End of Chapter Question Pointers
Chapter 10 – When do Individuals Radicalize?
- Is there any practical difference between political and religious narratives in the process of radicalization of individuals?
- How would you assess the conducive environment that allowed for the emergence of left-wing terrorism in the United States and in Europe in the 1970s-1980s?
- How can you elucidate that ISIS (Daesh, Islamic State) has been able to attract more than 40,000 volunteers with widely different backgrounds and from very different locations in the world to join its ranks?
- What might make extremists change their mind with regard to the ideas they hold? And what might make them change their attitudes towards the use of violence?
- How can you explain that so few people end up becoming terrorists, while so many grow up in the same circumstances as those who decide to become terrorists? Does the same observation also apply to national liberation movements?
This is really a question about how far the specific ideological content of an extreme narrative matters in exerting an effect on individuals. Look back to the argument on page 193 that radicalization is a compound effect of four factors of which ideology is only one.
It would also be worth looking the discussion of ‘Old and New Terrorism’ in Chapter 17 of this textbook. One of the key claims of the ‘New Terrorism’ thesis was that religious terrorism tends to be less inhibited and more destructive than secular types of terrorism (pages 327-9). A common 1990s assumption was that ‘more extreme’ – i.e. religiously based – ideologies would motivate individuals towards more extreme violence. How far is this line of argument plausible?
In practice, most work on religious narratives has tended to concentrate mostly upon routes into Islamist terrorism. Jewish or Christian or Hindu terrorisms have remained much less explored. Should we expect all religious narratives to work the same way?
As a starting point, make sure you make good use of the materials within this textbook. Chapter 2 has a brief discussion of the wider global context (pages 19-21). Chapter 6 surveys ‘processual approaches’ to understanding how political violence occurs: this body of research emerged directly from the German experience of the 1970s: see Case Study 6.1 on the Red Army Faction in particular (page 97). There is also a more general discussion of the New Left ‘wave’ of terrorism in Chapter 8 (pages 144-5).
In Europe, the most long-lived left-wing terrorist movements occurred in Germany and Italy: the countries that had fascists pasts. Many left-wing activists seemed to fear that history might repeat itself. This may account, too, for why the terrorism here lasted longer than in the USA (where the withdrawal of the Vietnam War led to its rapid decline).
Think, too, about communication and travel. This was the first age of Satellite TV and mass air travel – ideas and examples travelled very fast under these conditions.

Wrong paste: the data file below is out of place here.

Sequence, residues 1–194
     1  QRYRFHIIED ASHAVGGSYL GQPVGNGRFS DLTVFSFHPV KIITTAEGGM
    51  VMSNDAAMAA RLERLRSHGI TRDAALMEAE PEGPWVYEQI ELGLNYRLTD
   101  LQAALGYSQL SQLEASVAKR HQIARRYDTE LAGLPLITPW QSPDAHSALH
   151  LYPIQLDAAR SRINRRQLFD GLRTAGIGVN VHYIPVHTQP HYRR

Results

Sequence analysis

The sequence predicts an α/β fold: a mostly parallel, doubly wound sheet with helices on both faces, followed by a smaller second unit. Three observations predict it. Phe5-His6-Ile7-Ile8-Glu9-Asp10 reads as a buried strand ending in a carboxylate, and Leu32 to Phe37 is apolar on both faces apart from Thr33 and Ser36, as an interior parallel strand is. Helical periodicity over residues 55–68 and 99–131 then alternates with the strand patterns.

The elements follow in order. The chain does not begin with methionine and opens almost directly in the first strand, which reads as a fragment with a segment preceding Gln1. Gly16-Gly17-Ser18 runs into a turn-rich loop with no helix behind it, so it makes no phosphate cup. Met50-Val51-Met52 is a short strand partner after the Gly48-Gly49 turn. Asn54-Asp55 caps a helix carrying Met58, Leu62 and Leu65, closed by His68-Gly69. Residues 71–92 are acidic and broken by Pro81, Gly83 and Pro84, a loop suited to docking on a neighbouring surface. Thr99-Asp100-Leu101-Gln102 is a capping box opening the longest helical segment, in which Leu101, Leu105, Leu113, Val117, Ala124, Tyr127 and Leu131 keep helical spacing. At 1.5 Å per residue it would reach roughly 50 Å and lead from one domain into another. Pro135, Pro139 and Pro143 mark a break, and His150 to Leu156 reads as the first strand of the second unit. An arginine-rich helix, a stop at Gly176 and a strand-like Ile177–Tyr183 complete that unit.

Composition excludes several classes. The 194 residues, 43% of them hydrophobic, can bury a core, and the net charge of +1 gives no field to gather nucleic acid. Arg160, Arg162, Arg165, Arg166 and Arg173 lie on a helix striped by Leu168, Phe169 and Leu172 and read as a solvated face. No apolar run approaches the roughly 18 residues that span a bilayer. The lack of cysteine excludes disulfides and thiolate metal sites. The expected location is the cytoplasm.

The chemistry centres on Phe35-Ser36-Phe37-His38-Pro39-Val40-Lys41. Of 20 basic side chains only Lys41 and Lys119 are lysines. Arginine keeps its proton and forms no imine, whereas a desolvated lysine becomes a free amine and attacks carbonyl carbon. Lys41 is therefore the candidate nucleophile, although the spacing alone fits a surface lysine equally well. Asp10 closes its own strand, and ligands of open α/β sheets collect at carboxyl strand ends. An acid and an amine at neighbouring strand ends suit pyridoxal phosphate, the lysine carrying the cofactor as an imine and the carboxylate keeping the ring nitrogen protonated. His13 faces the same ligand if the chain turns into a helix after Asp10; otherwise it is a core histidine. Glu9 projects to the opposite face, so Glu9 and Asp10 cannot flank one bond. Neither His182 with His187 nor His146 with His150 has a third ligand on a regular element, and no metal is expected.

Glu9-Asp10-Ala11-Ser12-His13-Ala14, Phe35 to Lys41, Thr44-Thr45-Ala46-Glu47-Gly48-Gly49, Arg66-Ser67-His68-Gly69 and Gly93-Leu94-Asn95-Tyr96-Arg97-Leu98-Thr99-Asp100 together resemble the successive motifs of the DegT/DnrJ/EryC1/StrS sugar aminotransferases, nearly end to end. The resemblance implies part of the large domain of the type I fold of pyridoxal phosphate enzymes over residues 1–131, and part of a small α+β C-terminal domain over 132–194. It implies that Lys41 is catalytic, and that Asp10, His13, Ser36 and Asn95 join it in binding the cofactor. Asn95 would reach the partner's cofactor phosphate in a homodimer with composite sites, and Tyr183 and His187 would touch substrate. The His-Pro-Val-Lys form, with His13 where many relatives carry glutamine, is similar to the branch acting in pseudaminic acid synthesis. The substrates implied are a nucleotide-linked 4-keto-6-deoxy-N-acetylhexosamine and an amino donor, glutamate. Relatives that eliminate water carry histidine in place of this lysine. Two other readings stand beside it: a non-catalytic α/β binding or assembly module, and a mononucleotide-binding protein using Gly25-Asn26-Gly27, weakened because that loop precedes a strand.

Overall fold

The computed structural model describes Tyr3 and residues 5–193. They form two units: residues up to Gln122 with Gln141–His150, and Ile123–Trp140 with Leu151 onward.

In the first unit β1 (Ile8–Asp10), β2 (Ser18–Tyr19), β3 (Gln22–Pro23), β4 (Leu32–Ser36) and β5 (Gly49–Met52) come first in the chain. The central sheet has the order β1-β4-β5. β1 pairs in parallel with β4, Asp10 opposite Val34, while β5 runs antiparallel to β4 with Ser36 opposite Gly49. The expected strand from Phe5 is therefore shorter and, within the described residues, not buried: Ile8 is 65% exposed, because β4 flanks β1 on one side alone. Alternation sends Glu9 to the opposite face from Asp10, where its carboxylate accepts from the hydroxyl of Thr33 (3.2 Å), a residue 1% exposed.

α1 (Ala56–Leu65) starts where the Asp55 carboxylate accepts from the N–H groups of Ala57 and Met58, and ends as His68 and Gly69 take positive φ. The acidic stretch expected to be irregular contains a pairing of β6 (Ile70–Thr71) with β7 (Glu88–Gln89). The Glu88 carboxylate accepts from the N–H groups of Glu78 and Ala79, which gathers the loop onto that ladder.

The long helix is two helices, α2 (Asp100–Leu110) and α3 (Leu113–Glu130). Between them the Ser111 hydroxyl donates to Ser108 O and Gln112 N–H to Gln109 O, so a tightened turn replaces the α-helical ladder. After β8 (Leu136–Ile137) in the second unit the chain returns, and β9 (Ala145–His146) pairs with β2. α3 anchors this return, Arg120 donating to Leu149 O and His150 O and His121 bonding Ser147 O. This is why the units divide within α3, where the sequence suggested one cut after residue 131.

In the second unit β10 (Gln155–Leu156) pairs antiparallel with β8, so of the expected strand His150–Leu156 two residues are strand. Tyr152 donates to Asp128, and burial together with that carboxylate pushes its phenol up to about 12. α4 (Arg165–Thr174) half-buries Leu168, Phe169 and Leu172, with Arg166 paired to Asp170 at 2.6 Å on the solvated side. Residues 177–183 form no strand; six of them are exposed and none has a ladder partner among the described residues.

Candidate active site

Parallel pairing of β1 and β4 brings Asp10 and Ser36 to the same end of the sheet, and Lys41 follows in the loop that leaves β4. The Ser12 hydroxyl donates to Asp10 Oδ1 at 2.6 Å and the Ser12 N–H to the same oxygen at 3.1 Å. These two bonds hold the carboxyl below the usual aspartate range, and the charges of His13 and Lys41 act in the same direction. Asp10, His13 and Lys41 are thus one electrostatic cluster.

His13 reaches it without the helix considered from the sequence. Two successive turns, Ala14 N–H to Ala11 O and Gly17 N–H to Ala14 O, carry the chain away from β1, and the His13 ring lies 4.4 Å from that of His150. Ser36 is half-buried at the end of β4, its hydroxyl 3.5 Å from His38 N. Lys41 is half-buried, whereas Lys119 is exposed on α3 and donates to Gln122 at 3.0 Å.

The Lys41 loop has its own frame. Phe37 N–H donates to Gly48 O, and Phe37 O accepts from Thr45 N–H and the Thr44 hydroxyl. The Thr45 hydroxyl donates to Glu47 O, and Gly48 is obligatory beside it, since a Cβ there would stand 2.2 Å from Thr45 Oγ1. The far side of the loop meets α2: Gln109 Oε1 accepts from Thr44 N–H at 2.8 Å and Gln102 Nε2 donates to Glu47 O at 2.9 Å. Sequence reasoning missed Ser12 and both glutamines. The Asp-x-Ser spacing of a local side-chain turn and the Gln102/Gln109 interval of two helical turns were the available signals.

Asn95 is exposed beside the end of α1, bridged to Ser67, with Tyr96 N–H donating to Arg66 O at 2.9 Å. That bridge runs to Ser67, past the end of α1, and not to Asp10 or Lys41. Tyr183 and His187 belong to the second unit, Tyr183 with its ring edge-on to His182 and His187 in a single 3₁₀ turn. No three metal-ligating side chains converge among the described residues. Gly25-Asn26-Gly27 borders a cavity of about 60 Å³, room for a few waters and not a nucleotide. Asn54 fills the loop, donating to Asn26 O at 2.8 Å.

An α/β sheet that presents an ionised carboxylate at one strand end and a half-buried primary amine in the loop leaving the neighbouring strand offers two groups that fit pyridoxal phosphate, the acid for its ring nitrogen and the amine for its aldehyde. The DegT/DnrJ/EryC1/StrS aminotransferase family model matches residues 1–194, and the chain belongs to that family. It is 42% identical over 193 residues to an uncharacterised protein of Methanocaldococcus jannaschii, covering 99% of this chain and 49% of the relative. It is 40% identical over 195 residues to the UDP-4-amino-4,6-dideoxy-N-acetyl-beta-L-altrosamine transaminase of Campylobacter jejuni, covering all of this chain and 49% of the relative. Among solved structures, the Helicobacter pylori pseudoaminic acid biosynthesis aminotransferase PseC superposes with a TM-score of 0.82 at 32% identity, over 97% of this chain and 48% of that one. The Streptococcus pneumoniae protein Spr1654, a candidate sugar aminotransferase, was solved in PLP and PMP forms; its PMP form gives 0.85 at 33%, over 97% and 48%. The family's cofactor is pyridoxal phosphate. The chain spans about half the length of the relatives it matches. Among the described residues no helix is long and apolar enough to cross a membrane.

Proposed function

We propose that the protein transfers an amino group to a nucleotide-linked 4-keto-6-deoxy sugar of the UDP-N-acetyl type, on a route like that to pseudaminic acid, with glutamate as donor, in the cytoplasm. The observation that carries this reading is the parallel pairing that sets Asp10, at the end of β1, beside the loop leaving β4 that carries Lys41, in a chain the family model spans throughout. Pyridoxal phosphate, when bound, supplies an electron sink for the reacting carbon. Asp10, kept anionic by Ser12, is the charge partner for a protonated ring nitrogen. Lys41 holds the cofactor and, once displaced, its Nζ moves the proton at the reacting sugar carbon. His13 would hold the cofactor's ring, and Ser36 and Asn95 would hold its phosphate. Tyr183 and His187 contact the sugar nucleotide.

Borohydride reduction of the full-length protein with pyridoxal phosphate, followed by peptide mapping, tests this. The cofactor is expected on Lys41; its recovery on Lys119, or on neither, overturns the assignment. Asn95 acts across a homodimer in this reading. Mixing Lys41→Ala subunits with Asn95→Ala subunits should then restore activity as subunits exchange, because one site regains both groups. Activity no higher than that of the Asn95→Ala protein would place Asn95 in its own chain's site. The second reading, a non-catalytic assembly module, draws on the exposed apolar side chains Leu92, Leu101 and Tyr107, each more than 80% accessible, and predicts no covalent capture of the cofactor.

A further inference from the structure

ISIS had a highly developed sense of political theatre. For a brief discussion of why their symbolic demolishing of border posts between Iraq and Syria mattered, see Chapter 8 of this textbook (page 135). It is worth thinking here not just of the power of symbols, but of wider much social and technological contexts as well. How far was the appeal of ISIS dependent upon its ability to master social media? Could anything like it have happened even just a few years earlier? How far was ISIS propaganda tailored to different niche audiences? How far did the appeal vary between men and women, for instance?
Foreign fighters are not a new phenomenon at all. Western Europeans travelled to fight for Greek Independence in the 1820s; and for the Spanish Republic between 1936 and 1939. Should we see the ISIS mobilization as simply different in scale to these previous episodes? Or was it fundamentally different in kind as well?
These two questions are related: but also distinct. They relate to the distinction made in Chapter 27 between de-radicalization and disengagement outcomes. Some individuals may continue to subscribe to an extreme ideology: but no longer commit violence.
Chapter 26 (on preventing and countering violent extremism) looks at efforts by outside actors to encourage these very processes. It would be worth thinking about how far it is possible to influence terrorist actors from outside their immediate operating environment or support networks.
Chapter 19 (on whether terrorism is effective) and Chapter 29 (on how terrorist campaigns end) could also be useful to look at: they look at more internal processes. How far do extremists change their attitudes to violence when they feel it is no longer working to advance their cause?
In many ways, this has always been a Key Question of Terrorism Studies and one that has generated real controversy (see pages 28-29 of Chapter 2). Chapter 9 on Root Causes of Terrorism is a useful place to start your research here: it is easy to find ‘false positives’ – risk factors that occur in terrorists’ lives (but which also apply to much wider populations as well).
Some space needs to be found for subjective motivations in your answer – the way that one person will react quite differently to another who is exposed to the same influences. How far, indeed, can we generalize at all?
When successful, National Liberation Movements often manage to build a broad movement that combines an armed wing with a broader-based mass movement. Often this seems harder for Left-Wing or Islamist groups to achieve. It is worth reflecting on why that might be so.